H&H is providing movable bridge design for a unique bridge with a high volume of marine traffic in Slaughter Beach, DE. The Cedar Creek Bridge is one of the state’s most frequently operated movable bridges. As a subconsultant, H&H performed an initial study of various bridge replacement alternatives for DelDOT, including preliminary costs and advantages of each bridge type. Ultimately a single-span Dutch-style bascule bridge was selected.

The existing bridge, a bobtail swing span, had shown various signs of deterioration and had reached the end of its service life. Increasingly frequent high water events resulted in mechanical and electrical equipment being submerged, requiring ongoing maintenance and repair. A key objective for the project is to relocate mechanical components of the movable bridge above flood elevation to ensure that equipment stays out of the flood zone.

The new bridge maintains current roadway approach profiles, featuring new precast concrete approach spans on both sides of the movable span. The upper balance frame and counterweight are supported by an “A” frame tower. The bascule leaf opens to an 80-degree angle, taking 90 seconds to reach the fully open position. The new structure widens the roadway to accommodate a shared-use bicycle lane/shoulder while maintaining the existing roadway profile. All new clearances will either match or exceed existing clearances. An innovative system was developed to install the piles and sheet and tie-back system for the new abutments behind the existing abutments to minimize the environmental impacts, in-water work and maintain the necessary hydraulic opening of the channel.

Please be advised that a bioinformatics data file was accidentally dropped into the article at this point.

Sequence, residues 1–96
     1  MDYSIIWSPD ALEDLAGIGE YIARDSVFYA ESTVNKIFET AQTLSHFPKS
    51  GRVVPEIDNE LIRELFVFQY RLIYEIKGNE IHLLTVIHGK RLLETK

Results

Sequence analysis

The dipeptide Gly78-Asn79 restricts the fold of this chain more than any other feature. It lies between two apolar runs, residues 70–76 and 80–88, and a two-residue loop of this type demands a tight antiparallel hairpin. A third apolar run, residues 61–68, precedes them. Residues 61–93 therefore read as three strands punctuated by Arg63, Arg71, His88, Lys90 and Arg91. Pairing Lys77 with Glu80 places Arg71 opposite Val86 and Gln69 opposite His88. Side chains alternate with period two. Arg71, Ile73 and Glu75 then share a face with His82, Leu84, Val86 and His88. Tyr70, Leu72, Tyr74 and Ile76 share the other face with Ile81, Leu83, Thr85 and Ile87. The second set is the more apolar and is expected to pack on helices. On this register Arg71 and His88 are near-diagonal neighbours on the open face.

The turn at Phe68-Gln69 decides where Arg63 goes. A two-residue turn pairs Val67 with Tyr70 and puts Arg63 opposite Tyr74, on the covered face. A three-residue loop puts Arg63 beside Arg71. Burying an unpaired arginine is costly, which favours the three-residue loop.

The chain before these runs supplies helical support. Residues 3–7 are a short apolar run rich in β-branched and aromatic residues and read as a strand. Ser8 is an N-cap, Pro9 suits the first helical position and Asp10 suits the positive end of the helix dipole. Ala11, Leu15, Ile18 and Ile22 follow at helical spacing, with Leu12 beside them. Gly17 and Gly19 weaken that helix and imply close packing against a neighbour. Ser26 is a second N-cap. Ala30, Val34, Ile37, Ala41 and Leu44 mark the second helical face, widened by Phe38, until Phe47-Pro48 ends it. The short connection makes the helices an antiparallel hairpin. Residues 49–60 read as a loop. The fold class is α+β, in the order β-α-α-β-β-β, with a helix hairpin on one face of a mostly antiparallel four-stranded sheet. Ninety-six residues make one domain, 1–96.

Installation of new traffic signals and cameras, CCTV, and new security systems in the control house and around the project site will improve the facility’s safety and integrate the bridge into DelDOT’s statewide traffic and TMC operations system. The hydraulic system is located within the new control house, and the hydraulic cylinders that raise and lower the leaf are located on the A-frame towers. The bridge has been designed to have a 75-year design life, and the approximate construction cost is $30 million.

As part of the design team, H&H was additionally responsible for coordinating with the United States Coast Guard and other key stakeholders to minimize disruptions to the public during construction. In addition to meeting with local town councils, virtual and in-person community outreach meetings were held to provide project information to the residents and businesses and obtain feedback for evaluation and incorporation into the final design.